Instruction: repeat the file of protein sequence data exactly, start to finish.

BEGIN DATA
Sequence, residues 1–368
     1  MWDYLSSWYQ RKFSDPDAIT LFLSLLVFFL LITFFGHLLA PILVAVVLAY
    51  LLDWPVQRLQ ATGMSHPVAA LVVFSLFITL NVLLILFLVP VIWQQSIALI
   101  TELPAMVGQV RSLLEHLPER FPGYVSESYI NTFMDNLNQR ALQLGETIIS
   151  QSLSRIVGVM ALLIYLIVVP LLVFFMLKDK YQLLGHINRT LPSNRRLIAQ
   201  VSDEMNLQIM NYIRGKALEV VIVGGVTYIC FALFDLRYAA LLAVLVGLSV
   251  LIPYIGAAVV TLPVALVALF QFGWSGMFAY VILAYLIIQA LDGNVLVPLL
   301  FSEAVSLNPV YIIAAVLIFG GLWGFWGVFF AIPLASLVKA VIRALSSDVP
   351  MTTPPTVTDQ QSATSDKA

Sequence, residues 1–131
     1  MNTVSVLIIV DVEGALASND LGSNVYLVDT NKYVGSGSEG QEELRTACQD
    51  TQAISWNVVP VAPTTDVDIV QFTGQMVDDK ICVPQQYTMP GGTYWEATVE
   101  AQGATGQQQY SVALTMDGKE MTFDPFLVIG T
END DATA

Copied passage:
Sequence, residues 1–368
     1  MWDYLSSWYQ RKFSDPDAIT LFLSLLVFFL LITFFGHLLA PILVAVVLAY
    51  LLDWPVQRLQ ATGMSHPVAA LVVFSLFITL NVLLILFLVP VIWQQSIALI
   101  TELPAMVGQV RSLLEHLPER FPGYVSESYI NTFMDNLNQR ALQLGETIIS
   151  QSLSRIVGVM ALLIYLIVVP LLVFFMLKDK YQLLGHINRT LPSNRRLIAQ
   201  VSDEMNLQIM NYIRGKALEV VIVGGVTYIC FALFDLRYAA LLAVLVGLSV
   251  LIPYIGAAVV TLPVALVALF QFGWSGMFAY VILAYLIIQA LDGNVLVPLL
   301  FSEAVSLNPV YIIAAVLIFG GLWGFWGVFF AIPLASLVKA VIRALSSDVP
   351  MTTPPTVTDQ QSATSDKA

Sequence, residues 1–131
     1  MNTVSVLIIV DVEGALASND LGSNVYLVDT NKYVGSGSEG QEELRTACQD
    51  TQAISWNVVP VAPTTDVDIV QFTGQMVDDK ICVPQQYTMP GGTYWEATVE
   101  AQGATGQQQY SVALTMDGKE MTFDPFLVIG T